Unveiling Class Discourse: Its Articulation and Generation in Chinese Labor Struggles

Feng Chen*

*Corresponding author for this work

Research output: Contribution to journalJournal articlepeer-review

1 Citation (Scopus)

Abstract

While the term “class” has largely vanished from China’s public discourse, class discourse has endured within the country’s labor struggles over the last four decades. Nevertheless, class discourse has been articulated in distinct ways across three instances of labor activism: state workers’ opposition to industrial restructuring, worker-initiated collective bargaining, and Marxist-inspired agitation, manifesting as nostalgia, collective rights, and labor emancipation, respectively. This article delves into the origins of these distinct articulations of class discourse by delineating three modes of their emergence: endogenous, exogenous, and symbiotic. It further elucidates how these modes materialize through the interplay of workers’ experiences and the roles undertaken by labor activists from both shopfloors and civil society. The article’s objective extends to evaluating the degree to which these three discursive expressions encapsulate class consciousness, while also delving into their underlying ideological implications.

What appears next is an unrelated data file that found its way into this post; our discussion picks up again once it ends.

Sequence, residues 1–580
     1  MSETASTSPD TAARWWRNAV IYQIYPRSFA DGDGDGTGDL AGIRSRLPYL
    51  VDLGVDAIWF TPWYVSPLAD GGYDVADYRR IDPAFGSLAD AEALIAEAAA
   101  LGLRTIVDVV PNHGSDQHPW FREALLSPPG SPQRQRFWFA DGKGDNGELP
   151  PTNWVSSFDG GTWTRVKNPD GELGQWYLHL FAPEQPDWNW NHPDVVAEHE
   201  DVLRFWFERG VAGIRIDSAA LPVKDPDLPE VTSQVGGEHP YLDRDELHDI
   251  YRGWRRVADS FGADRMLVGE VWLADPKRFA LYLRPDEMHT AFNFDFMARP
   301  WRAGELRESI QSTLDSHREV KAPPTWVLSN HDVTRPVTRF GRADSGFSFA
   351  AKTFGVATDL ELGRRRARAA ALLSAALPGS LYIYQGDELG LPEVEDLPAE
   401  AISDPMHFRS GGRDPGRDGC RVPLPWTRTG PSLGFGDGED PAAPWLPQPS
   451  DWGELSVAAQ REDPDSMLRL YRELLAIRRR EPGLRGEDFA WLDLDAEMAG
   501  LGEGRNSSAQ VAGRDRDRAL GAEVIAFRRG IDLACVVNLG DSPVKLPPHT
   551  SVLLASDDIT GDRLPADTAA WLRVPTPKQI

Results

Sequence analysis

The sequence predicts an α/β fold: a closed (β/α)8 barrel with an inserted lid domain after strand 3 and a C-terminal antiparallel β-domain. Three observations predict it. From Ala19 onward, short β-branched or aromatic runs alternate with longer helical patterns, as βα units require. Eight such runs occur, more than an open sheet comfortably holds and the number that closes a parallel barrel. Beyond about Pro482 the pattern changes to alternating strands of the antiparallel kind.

Original languageEnglish
Pages (from-to)493-515
Number of pages23
JournalCritical Asian Studies
Volume55
Issue number4
Early online date22 Sept 2023
DOIs
Publication statusPublished - Dec 2023

Scopus Subject Areas

  • Geography, Planning and Development
  • Sociology and Political Science

User-Defined Keywords

  • China
  • civil society
  • class consciousness
  • class discourse
  • ideology
  • labor activism

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